Another vehicle on Roosevelt Avenue in Woodside was struck by a piece of falling debris from the elevated tracks of the 7 train on Wednesday — with elected officials calling on the MTA to address the “crumbling subway infrastructure” before any injuries or deaths occur.
Images posted to Twitter by Councilman Jimmy Van Bramer showed a rusted piece of metal had landed on the windshield of a car, similar to the wooden beam that pierced a car driving down Roosevelt Avenue on Feb. 21 — just three blocks from where Wednesday’s incident occurred.
“What the hell is going on here?! For the second time in two weeks a piece of debris has come crashing down on a vehicle Below tracks on Roosevelt Ave., this time at 62nd street,” Van Bramer said. “The car was occupied and moving. No one injured but someone is going to get killed here
Police said the incident happened at around 9:45 a.m. on March 6 when the driver was going eastbound down Roosevelt. There were no reported injuries and the investigation is ongoing.
“The NYPD 108th Precinct has informed me that for the second time in two weeks, a piece of debris fell from the elevated 7 train tracks and damaged a car below, this time at 62nd Street and Roosevelt Ave in Woodside,” Holden said. “Thankfully nobody was injured, but I am calling on the MTA New York City Transit to evaluate all elevated train lines to ensure the safety of pedestrians and drivers below these aging tracks.”
The agency said it is currently investigating the incident and trying to determine what the debris was that fell.
“This is obviously very concerning and we’re glad that no one was hurt,” an MTA spokesman said. “We take the safety of our customers, employees and neighbors very seriously – what this material is and where it came from is under investigation.”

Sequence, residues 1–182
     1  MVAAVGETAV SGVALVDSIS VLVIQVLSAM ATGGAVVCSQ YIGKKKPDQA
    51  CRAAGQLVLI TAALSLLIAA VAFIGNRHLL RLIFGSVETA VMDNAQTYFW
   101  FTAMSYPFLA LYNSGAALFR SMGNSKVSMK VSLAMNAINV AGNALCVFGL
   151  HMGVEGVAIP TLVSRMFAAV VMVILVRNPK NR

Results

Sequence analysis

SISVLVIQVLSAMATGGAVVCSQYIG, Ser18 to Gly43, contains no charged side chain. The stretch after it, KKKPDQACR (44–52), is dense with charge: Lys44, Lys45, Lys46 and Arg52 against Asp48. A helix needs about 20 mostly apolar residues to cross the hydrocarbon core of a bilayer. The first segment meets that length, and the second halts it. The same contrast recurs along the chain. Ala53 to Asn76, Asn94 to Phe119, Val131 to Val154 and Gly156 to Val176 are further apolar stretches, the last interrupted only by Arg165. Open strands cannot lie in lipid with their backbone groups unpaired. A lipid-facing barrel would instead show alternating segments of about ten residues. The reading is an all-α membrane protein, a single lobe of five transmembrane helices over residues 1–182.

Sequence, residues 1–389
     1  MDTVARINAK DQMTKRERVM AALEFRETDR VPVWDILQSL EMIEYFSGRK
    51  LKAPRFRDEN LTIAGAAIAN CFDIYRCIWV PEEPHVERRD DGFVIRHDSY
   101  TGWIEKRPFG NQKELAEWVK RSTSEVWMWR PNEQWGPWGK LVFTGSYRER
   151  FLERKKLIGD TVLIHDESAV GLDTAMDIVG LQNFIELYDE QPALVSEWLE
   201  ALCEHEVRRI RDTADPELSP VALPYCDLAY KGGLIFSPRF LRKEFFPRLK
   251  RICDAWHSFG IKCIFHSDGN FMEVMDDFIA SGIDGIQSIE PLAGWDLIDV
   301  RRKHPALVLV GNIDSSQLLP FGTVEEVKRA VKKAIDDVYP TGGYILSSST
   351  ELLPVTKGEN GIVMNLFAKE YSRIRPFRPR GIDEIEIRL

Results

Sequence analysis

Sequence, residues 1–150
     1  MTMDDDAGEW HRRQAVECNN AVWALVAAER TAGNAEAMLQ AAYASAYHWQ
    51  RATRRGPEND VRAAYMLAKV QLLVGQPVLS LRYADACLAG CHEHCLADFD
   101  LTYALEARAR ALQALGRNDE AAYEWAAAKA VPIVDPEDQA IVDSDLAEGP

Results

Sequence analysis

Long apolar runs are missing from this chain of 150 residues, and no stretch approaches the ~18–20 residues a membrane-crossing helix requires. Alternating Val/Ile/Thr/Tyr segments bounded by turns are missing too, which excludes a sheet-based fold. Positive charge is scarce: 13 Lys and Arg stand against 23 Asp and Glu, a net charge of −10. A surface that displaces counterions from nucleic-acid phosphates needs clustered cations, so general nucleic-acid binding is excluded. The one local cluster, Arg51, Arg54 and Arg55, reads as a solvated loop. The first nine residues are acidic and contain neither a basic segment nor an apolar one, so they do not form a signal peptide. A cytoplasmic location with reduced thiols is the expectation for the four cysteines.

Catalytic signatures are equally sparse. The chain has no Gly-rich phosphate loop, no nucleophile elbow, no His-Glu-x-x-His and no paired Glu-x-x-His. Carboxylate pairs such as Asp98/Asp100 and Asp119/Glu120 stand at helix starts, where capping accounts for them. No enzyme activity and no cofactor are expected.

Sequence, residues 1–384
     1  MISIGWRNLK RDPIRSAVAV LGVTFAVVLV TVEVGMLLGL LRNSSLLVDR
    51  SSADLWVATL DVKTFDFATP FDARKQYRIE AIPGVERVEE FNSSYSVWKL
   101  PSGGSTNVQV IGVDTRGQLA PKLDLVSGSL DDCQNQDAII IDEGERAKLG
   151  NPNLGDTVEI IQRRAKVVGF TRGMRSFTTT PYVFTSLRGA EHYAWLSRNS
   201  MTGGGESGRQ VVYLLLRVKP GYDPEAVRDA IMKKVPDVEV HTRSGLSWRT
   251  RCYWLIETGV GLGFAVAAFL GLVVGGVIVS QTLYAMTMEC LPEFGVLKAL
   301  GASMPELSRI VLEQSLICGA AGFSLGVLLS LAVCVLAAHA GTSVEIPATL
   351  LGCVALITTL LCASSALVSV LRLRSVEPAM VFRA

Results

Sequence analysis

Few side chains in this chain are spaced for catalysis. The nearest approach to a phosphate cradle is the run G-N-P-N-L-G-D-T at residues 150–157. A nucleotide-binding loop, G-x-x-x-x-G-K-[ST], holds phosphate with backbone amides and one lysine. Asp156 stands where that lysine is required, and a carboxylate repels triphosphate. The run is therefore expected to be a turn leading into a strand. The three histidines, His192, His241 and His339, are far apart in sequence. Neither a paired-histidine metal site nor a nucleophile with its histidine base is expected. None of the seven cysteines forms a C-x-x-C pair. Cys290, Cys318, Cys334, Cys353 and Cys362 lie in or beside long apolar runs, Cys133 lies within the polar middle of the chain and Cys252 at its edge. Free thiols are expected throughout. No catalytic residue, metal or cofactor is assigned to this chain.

The spokesman said they believe it could be a piece of metal that broke loose after a truck ran into the structure on March 5, which the MTA determined had not compromised the integrity of the tracks.
The MTA currently has a two-year, $45 million initiative to address paint issues along the 7 train, specifically for lead reparations which was found to be well above the acceptable level.
NYC Transit President Andy Byford announced in June 2018 that the money had been set aside and the whole length of the trestle would be stripped to bare metal and repainted which would also give the agency to opportunity to make repairs to the track which were built in 1917.
The MTA said they would begin the project in July of that year, with the first phase of the plan to address the span from 82nd Street to Citi Field before then turning the remaining span.
A report published by the District 9 International Union of Painters and Allied Trades in early 2017 showed the paint on the No. 7 tracks contained 224,000 parts per million of lead paint, more than 40 times the 5,000 parts per million legal threshold and that paint chips contaminate the street below.
Byford ordered a full inspection of the tracks after the wooden beam fell which was completed on Feb. 28 and confirmed the structure is safe.
Even though the trestle is inspected on weekly basis on foot, the Feb. 21 incident forced the agency to widen the criteria of what to look for, the spokesman said.